Wednesday, July 12, 2017

Whitesburg clinic shows rural lag in colon-cancer screening can be erased by overcoming the reluctance to talk about it

Screening for colorectal cancer isn't as common in rural areas as it is in metropolitan areas, partly because rural people seem to have trouble talking about it. Whatever the reason, the rural death rate from it is higher, and the disease is more common in Kentucky than any other state.

Dr. Van Breeding talks with a patient. (WEKU-FM photo)
When Dr. Van Breeding of Whitesburg found that only 19 percent of patients at Mountain Comprehensive Health Corp. had been screened, he said, "That's horrible! We've got to do better than that!" reports Dr. Kay Miller Temple for The Rural Monitor's Rural Health Information Hub: "He said their effort started with everyone in their clinic talking about it, from check-in personnel to lab team members to providers — everyone started talking about colorectal cancer screening." Breeding told her, "We got everyone who had contact with the patient to talk about it, starting with a simple question: ‘Have you ever been screened for colon cancer?’" Breeding says the rate is now 73 percent, in "an area where its incidence and death rates are the highest in the country," Temple notes.

Temple reports that a similar approach was used at Clearwater Valley Hospital and Clinics and St. Mary’s Hospital and Clinics in Idaho. "Using an electronic record indicator, providers were reminded to talk to unscreened patients during any appointment scheduled for any reason," Temple reports. "In addition to talk, they mailed reminders to patients" and did community outreach.

The screening rate at the Idaho facilities was much better, 52 percent, but their quality-improvement director, Heather Hodges, said their goal was 70 percent. They are now at 69 percent and have set a new goal of 75 percent. The national rate is 60 percent; the rural rate is 58 percent and the metro rate is 63 percent. Kentucky's statewide rate is 68 percent. The National Colorectal Cancer Roundtable’s 2018 goal is 80 percent, which acknowledges that some patients will always choose not to be screened.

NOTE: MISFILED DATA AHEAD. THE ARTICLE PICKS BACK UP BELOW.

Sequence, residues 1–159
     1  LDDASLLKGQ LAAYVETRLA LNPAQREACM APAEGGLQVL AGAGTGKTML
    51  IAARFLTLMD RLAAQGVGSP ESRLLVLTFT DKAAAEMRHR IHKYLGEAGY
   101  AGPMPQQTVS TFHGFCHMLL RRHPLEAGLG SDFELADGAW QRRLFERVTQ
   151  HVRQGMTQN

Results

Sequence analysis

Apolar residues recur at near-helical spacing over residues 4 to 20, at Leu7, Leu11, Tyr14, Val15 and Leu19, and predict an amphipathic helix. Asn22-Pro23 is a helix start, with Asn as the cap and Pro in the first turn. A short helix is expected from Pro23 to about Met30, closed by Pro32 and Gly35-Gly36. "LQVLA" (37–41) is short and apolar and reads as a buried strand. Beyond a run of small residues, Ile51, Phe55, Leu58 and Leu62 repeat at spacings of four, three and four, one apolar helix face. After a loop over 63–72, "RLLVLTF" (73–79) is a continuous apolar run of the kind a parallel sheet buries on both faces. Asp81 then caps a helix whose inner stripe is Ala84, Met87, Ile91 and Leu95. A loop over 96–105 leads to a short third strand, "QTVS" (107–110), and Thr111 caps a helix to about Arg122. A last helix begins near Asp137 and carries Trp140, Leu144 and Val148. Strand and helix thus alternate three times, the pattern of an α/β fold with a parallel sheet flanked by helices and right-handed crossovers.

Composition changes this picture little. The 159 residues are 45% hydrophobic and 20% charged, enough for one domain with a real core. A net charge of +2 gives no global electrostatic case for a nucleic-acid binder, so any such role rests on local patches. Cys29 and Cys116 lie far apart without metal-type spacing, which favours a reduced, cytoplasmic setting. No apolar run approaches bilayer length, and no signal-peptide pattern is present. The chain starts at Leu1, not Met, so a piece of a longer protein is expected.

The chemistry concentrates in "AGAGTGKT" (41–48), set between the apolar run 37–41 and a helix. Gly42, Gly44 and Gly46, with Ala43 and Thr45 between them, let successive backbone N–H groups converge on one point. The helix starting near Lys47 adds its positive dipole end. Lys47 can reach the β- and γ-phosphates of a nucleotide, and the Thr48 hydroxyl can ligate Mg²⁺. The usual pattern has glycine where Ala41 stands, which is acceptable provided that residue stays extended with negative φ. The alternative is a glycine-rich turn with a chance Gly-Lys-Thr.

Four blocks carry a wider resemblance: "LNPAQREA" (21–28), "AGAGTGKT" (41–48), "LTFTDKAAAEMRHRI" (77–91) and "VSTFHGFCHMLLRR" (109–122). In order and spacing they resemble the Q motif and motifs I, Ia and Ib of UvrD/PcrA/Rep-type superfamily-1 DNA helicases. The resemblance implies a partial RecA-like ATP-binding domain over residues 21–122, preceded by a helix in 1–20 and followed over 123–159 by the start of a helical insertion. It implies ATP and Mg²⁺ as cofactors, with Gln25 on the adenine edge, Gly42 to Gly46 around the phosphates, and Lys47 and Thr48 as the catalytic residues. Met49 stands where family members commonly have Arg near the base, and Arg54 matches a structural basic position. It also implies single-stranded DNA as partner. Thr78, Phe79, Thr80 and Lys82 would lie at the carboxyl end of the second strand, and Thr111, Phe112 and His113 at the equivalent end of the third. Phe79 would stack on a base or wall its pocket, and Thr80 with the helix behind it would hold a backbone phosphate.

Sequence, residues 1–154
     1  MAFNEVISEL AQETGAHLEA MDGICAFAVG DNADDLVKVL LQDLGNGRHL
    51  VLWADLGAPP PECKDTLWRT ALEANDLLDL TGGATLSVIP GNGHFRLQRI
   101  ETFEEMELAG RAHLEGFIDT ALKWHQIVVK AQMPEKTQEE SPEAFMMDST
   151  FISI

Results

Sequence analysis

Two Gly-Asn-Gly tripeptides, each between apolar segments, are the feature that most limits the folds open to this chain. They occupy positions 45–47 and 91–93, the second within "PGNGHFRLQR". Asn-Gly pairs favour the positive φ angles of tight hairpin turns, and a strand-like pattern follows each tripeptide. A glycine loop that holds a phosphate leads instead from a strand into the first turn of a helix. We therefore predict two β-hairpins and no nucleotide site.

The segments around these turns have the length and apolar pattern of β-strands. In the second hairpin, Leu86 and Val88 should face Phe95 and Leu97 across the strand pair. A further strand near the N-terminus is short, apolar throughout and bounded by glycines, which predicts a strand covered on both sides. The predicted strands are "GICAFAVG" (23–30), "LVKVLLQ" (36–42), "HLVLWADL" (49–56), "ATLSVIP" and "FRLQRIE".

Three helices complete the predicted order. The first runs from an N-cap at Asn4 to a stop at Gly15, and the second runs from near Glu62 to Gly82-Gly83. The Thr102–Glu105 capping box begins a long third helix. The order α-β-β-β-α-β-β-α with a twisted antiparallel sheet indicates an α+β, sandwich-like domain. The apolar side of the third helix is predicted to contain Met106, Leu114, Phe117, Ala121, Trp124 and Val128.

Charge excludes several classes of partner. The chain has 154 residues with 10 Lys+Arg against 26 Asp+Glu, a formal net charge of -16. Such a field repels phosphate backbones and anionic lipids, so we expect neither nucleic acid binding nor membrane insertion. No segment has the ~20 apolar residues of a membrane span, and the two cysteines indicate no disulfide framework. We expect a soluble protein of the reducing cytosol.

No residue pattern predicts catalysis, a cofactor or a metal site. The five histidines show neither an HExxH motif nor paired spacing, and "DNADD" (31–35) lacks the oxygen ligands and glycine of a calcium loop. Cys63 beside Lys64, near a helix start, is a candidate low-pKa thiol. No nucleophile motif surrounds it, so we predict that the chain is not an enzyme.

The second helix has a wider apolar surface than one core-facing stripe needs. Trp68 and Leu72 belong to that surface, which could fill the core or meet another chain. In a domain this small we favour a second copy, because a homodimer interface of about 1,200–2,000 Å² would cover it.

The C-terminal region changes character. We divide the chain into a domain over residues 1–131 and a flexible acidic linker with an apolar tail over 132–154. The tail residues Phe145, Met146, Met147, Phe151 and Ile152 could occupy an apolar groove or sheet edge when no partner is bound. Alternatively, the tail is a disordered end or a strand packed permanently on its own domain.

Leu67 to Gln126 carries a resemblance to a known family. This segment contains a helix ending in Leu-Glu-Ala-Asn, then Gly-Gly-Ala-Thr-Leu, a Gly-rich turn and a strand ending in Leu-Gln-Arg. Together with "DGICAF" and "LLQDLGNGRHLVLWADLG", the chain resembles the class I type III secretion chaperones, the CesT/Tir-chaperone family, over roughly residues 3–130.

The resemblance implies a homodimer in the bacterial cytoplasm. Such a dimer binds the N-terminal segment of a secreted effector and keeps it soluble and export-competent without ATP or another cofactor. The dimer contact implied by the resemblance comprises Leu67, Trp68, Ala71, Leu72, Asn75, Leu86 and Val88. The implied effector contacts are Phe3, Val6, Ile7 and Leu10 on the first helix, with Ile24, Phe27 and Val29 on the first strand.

"Hodges said the subject of CRC screening is a bit distasteful, but this can’t prevent healthcare organizations from doing community outreach," Temple reports. Such outreach includes a much-latger-than-life-size colon, through which people can walk. Here's a video:

“Screening rates are lower in rural areas, where geography causes barriers like lack of access to providers and lack of specialists or access to those specialists,” Dr. Djenaba Joseph, medical director for the federal Centers for Disease Control and Prevention’s Colorectal Cancer Control Program, told Temple. “In some states, there are hundreds of miles between the patient and the nearest endoscopist. But, regardless of location, I tell everyone, rural and urban, you can improve rates by knowing your population. Know the number of endoscopists in your area, know the population you are trying to reach, know the income limits, and know insurance status.”

Temple writes, “A recent American Cancer Society survey showed that 'nearly all unscreened people knew they should be screened.' Many who hadn’t completed screening assumed if they had no family history, they were at no risk for the disease. Others perceived the test was expensive, complicated, painful, embarrassing, and only needed for worrisome symptoms. With information like this, many providers feel that talking about CRC screening seems not only delicate, but time-intensive in order to dispel myths about screening, especially when discussions around other cancer screenings are often as simple as 'It’s time for you to make an appointment for a pap smear, mammogram or prostate check.'”

In Whitesburg, "as the CDC’s Joseph suggested, success came from knowing the population," Temple reports. "Breeding said they talked to their area insurance carriers about ensuring colonoscopy coverage. They also discovered that patients without insurance could get assistance from the health department due to the area’s high risk. Next, the local hospital decided to improve the endoscopy area, and the area’s surgeons, who performed the colonoscopies, immediately accommodated a structured approach to direct screening. Mondays and Fridays became designated testing days to accommodate prep and recovery times."

Breeding told Temple that one of the most powerful factors in his clinic's huge increase in screening "was a new dynamic that emerged in their tight-knit community: when community members looked into the face of a family member, a friend, a neighbor, and realized that person was living in an area of high colorectal cancer incidence and death rates, they encouraged one another to get screened. With this effort, Breeding shared that more than 30 lives have been saved. Their new screening goal — their community’s goal? It’s now 100%. Among the many lessons learned in this effort was patients’ understanding that the clinic was not just a place to come when sick, but a place to come to get, and stay healthy."

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